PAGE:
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Ensconced in the Central Basin in the north-central portion of Tennessee, the city of Nashville manages to offer residents the quaint charm of a small southern town coupled with the amenities of a larger city. The state capital’s population has swelled over the last two decades to more than 600,000 people while maintaining a good reputation as a sought-after tourist destination. Similar in size to Boston or Oklahoma City, Nashville enjoys a mild climate with some hot, humid days in the summer and cooler, but bearable winters. It may snow, but it is rare, and even a dusting can shut the city down for a day.
Nashville has long been a hub for country music, and many stars and record labels still call the city home. With its well-earned nickname of Music City, Nashville is the country music fan’s promised land. Upon landing at Nashville International Airport, visitors are greeted by country music stars’ voices over the loudspeaker, welcoming them to the city, and live country music can be heard pouring out of the various restaurants and bars in the airport.
As a result of both its historic and present-day country music ties, much of the tourism in Nashville is centered around this musical style. Some not-to-miss sites include the Ryman Auditorium and the Grand Ole Opry, the city’s historic music venues. The Country Music Hall of Fame, which is designed to look like piano keys in the front and a bass clef from the air, houses incredible memorabilia from some of country music’s biggest stars. Nearby, the Hall of Fame’s adjacent Nashville Music Garden at the base of “Music Mile” contains the Music City Walk of Fame, a unique tribute to those past and present who have contributed to Nashville’s musical heritage. The names of sixty-one stars, including the recent addition of the band the Kings of Leon, can be found on the pavement here.
History buffs, especially those interested in the Civil War, will be thrilled at the wide variety of both sites and structures located throughout the city. The Battle of Nashville Monument Park and Shy’s Hill are both within the city limits. Just a short drive outside of Nashville lies the Battle of Franklin Civil War Museum to the south and Stones River National Battlefield to the southeast. The Downtown Presbyterian Church, a stunning old structure built in Egyptian Revival style, served as a hospital during the Union occupation of Nashville, while antebellum structures and homes like the Belle Meade Plantation, Belmont Mansion, and the Hermitage are still standing.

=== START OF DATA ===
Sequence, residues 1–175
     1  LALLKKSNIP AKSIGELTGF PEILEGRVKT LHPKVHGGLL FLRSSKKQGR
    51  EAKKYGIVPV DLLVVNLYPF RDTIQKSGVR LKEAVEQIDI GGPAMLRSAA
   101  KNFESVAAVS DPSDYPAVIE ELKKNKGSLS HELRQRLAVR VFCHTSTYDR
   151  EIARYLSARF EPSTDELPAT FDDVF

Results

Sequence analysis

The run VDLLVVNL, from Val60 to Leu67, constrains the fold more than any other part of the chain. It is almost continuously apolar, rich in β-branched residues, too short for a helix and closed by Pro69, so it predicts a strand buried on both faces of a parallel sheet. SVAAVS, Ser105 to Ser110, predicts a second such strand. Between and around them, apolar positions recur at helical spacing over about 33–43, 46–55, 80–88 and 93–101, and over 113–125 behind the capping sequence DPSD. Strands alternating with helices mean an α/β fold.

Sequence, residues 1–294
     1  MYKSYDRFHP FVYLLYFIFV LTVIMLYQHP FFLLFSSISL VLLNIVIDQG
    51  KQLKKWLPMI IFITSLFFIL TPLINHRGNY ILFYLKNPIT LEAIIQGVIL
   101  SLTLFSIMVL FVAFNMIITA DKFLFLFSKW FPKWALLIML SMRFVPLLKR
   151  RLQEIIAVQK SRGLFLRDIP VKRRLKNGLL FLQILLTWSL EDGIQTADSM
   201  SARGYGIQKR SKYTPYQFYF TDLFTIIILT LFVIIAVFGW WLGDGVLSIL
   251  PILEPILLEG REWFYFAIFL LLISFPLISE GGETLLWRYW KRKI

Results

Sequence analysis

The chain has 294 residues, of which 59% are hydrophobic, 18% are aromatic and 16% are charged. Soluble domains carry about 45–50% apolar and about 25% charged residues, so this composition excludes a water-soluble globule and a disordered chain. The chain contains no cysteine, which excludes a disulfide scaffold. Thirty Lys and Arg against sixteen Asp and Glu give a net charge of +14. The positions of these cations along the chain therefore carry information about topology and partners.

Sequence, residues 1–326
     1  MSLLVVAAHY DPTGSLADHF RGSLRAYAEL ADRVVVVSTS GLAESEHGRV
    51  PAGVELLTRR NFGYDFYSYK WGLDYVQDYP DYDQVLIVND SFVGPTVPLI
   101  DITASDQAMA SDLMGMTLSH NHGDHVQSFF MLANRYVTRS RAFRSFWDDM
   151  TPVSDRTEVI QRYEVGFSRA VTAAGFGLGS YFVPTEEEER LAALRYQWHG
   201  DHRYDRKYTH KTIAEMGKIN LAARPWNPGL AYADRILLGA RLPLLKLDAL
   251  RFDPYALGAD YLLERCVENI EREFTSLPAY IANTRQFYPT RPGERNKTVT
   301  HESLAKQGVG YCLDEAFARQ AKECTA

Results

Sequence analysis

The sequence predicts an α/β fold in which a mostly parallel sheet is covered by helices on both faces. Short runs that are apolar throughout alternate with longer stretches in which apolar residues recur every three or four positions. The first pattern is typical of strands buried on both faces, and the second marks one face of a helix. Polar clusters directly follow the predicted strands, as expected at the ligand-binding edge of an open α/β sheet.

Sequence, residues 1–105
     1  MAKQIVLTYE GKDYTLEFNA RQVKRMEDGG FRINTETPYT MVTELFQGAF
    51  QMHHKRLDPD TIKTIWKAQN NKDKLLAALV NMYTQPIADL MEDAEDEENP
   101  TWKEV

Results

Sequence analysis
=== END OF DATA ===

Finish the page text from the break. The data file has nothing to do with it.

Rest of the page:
Aside from the Civil War, Fort Nashborough is on the banks of the Cumberland River downtown. A stockade first established in 1780, the site represents Nashville’s earliest history and is free and open to the public. The Bicentennial Mall and Tennessee State Museum near the state capitol building celebrate a more holistic history of the state. Art and science lovers, especially those with kids, can enjoy the Frist Art Museum, the Cheekwood Botanical Gardens, the Adventure Science Center, and the Nashville Zoo.
If you’re interested in outdoor adventures, you’ll love the nearly 1,400-acre natural preserve of Radnor Lake. Located just outside the city, it’s a scenic home to local wildlife and offers hiking, biking, canoeing, bird-watching, and other outdoor activities. For residents and visitors who favor more laid-back activities, the General Jackson Showboat, a paddlewheel riverboat that cruises the Cumberland River, is available for dinners and shows. And if you take a short drive south of the city, Arrington Vineyards beckons wine aficionados with tastings, picnics, and wine by the bottle or flight.
With so much to do, you might guess that tourism is Nashville’s leading industry, but that honor goes to healthcare management. Vanderbilt University Medical Center and its associated children’s hospital are the top employers in the city. Automobile production, finance, higher education, insurance, music production, printing and publishing, as well as technology manufacturing, and of course, tourism are all top industries as well. Nissan USA and HCA Healthcare are both headquartered in Nashville.
Nashville prides itself on being “the Athens of the south,” and this is reflected in the various architectural choices that have been applied to both public and private buildings throughout the years. In the heart of Centennial Park, just west of the city’s center, you can visit an accurate replica of the Parthenon, complete with a large statue of Athena inside. This, of course, is done exactly like the Parthenon in Athens, Greece, with particular attention paid to balance and symmetry in its large Ionic columns and triangular roof. It was first constructed in 1897 with updates and refurbishments in the 1920s and 1980s. The statue of Athena was finished and unveiled in 1990, with gilding and painting finishing touches completed in 2002.
Beyond replicas, the Tennessee State Capitol, constructed in 1859, is designed in the Greek Revival style to echo a Greek Ionic temple. The lantern-like structure on the building’s roof is designed after the Choragic Monument of Lysicrates in Athens. Lysicrates was a wealthy patron of musical performances, so it is a fitting tribute to grace the roof of Tennessee’s capital, Music City.
Belmont Mansion, Tennessee’s largest surviving antebellum home, is a thirty-six-room residence designed like an Italian villa in both Italianate and Greek Revival styles. Construction began in 1849, and it was initially the home of Adelicia and Joseph Acklen. Prior to the Civil War, the Acklens opened the grounds for citizens of Nashville to enjoy their zoo and massive gardens. Though now on the grounds of Belmont University, it is still open and available to the public for tours, and it retains much of its original decor and furnishings.